Navigare Capital is building a diversified portfolio of maritime assets across major shipping segments
Large container vessels
Container vessels most typically carry a combination of standard 20-foot (TEU) and 40-foot (FEU) boxes and sail on fixed schedules on fixed service routes. The largest container vessels are modern and energy-efficient units with carrying capacity of more than 24,000 TEUs. The best-known cargo types transported by these vessels are manufactured products such as household goods and electronic products, with a diverse client base ranging from the world’s largest retailers to small freight forwarders. The container fleet also plays a critical role in the global cold chain, ensuring the transportation of temperature-sensitive cargoes worldwide, such as frozen food, fresh fruits, medicines, vaccines and pharmaceuticals.
Container feeder vessels
Feeders are small to medium-sized container vessels that connect local ports with transshipment hubs so that containers can be loaded onto or distributed from deep-sea mainliner container vessels. They are also the workhorses for intra-regional trade, ensuring smooth trade flows within regions. Some feeder vessels are equipped with loading gear, making them less dependent on port infrastructure. The increasing adoption of global “hub-and-spoke” networks, where large vessels only call at major hubs, has created growing demand for feeders to ensure that cargoes reach their final destinations.
Dry bulk carriers
Dry bulk carriers transport large quantities of unpackaged raw material and agricultural products that enable us to house and feed our populations and manufacture goods. Typical cargoes include iron ore, coal, grains, feedstocks and fertilisers, as well as minerals, rare earth and forestry products. Vessel types vary from smaller Handysizes and Supramaxes, fitted with cranes and grabs for high flexibility in areas with less developed infrastructure, to Kamsarmax and Capesize carriers and VLOCs (very large ore carriers), which can move cargoes of more than 400,000 tonnes in a single voyage across the globe.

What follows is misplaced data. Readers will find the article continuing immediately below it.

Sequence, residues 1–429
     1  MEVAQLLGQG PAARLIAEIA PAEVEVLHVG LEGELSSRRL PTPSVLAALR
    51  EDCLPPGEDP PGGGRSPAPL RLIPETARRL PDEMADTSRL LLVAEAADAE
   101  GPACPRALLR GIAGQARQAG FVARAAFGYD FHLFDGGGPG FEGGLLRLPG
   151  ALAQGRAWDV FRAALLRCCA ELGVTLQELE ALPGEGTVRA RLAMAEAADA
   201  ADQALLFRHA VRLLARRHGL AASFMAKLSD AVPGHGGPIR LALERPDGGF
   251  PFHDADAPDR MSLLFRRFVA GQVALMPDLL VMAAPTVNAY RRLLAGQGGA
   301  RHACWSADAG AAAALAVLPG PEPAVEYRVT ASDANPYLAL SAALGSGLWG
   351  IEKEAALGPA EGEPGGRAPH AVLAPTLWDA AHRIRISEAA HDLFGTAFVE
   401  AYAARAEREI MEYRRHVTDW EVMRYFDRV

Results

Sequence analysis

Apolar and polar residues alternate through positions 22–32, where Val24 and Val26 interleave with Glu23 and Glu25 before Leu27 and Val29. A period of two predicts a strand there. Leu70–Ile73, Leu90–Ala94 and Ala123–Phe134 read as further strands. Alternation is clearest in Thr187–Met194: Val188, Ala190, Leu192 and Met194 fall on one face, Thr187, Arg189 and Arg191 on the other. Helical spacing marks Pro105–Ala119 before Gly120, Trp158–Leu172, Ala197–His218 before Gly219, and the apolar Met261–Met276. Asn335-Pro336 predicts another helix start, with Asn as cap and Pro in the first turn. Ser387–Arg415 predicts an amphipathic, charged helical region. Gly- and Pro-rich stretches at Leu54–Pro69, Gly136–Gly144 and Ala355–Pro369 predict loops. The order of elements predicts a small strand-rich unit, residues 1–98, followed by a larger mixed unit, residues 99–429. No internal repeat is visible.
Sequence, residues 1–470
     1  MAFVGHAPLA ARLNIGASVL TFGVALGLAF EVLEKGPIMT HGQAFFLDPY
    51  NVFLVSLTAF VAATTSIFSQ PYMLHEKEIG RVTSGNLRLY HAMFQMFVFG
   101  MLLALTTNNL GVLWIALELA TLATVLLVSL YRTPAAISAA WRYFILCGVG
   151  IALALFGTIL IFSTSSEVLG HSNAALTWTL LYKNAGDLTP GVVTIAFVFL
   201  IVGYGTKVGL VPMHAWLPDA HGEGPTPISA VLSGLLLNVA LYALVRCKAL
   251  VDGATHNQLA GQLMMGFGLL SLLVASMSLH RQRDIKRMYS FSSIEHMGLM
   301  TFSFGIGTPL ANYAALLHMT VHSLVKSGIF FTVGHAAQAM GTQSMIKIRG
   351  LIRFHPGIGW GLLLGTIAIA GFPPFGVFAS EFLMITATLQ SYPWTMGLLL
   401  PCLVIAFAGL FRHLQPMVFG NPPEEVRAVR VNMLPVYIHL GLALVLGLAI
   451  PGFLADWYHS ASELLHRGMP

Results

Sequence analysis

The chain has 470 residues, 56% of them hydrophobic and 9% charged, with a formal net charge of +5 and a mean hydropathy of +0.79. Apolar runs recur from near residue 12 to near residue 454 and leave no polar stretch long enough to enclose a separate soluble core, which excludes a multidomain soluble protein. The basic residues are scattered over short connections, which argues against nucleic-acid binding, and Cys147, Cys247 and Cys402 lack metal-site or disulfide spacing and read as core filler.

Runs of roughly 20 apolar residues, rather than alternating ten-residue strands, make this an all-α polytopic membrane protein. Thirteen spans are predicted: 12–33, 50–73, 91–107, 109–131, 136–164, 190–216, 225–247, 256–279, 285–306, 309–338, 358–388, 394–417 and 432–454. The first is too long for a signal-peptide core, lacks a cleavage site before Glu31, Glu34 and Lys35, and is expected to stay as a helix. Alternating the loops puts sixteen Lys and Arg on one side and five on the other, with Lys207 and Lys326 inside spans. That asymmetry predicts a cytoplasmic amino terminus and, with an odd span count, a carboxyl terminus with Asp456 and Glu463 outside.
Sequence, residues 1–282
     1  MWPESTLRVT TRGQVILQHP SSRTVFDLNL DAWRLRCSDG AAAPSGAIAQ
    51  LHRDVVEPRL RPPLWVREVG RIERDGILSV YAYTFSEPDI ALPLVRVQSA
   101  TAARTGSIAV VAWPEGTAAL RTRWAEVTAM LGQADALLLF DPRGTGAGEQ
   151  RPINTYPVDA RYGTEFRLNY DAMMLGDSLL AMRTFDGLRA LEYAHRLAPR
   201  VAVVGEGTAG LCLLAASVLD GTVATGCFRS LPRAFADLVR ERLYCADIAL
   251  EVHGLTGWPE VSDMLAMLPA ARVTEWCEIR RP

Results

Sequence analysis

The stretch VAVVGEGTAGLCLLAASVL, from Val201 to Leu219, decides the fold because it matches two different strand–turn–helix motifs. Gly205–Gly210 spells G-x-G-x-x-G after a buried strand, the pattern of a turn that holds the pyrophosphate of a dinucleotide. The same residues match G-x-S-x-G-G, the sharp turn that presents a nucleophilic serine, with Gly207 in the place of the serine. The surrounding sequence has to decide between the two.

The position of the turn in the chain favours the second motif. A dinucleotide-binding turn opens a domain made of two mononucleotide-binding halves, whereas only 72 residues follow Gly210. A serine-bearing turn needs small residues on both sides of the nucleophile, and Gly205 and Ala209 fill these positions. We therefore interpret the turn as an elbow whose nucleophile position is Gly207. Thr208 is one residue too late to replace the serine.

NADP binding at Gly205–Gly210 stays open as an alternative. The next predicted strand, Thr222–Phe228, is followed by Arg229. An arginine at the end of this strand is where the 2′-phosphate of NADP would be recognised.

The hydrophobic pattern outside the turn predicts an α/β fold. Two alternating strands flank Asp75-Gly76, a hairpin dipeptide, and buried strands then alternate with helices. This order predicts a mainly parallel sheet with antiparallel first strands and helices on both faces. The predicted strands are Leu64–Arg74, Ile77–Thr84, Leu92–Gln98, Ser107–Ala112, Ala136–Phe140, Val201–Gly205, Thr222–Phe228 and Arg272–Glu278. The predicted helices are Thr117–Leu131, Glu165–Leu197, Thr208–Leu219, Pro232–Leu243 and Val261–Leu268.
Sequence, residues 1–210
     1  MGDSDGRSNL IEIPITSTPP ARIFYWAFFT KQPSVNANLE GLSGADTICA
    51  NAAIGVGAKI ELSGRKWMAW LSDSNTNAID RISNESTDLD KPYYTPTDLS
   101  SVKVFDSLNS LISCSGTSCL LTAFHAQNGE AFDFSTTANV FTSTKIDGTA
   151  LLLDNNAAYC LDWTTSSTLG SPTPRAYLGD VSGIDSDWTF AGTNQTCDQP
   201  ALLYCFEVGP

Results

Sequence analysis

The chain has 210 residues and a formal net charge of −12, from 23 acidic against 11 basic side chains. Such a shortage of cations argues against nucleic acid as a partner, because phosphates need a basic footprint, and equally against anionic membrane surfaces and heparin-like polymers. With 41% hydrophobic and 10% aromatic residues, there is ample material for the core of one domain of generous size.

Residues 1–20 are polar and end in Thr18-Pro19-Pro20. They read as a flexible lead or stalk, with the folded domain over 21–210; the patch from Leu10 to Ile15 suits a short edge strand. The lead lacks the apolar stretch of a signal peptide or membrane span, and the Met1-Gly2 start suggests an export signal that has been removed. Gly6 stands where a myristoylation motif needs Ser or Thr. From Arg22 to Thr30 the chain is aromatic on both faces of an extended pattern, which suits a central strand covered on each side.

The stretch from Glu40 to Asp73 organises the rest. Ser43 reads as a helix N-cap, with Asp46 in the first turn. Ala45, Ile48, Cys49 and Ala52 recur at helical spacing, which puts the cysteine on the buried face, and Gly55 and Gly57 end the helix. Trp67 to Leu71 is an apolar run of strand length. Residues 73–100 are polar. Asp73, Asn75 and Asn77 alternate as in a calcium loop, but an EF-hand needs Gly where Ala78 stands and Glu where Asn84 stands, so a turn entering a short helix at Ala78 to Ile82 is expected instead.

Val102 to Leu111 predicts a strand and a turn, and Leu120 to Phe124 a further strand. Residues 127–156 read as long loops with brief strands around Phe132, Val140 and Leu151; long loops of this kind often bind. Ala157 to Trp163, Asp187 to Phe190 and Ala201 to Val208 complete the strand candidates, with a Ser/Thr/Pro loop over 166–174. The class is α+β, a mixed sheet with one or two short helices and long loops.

Crude oil tankers transport large quantities of crude oil and dirty oil products worldwide between global production hubs and consumption hubs. More specifically, these vessels are typically employed on medium- to long-haul routes and transport crude oil from oil fields and rigs to refineries for processing. All crude tankers have double hulls to reduce the risk of oil spills and to deliver a safe and efficient transport service to support the global energy networks. Crude tankers are among the largest vessels across all commercial shipping segments. Vessel types vary from smaller Panamaxes and Aframaxes to Suezmax tankers. The largest VLCCs (very large crude carriers) can carry up to 300,000 tonnes of oil.
Product tankers transport refined oil products such as gasoline, diesel, jet fuel and heating oil. These vessels have coated tanks and are, generally speaking, smaller than crude oil tankers. Product tankers are typically employed on short- and medium-haul routes from the refineries to end-user markets. In terms of size classes, they range from smaller vessels such as general purpose tankers to Medium Range vessels (MRs) and Long Range 1 and 2 tankers (LR1 and LR2). The LRs are the largest product tankers with carrying capacity of up to 125,000 tonnes of refined oil products.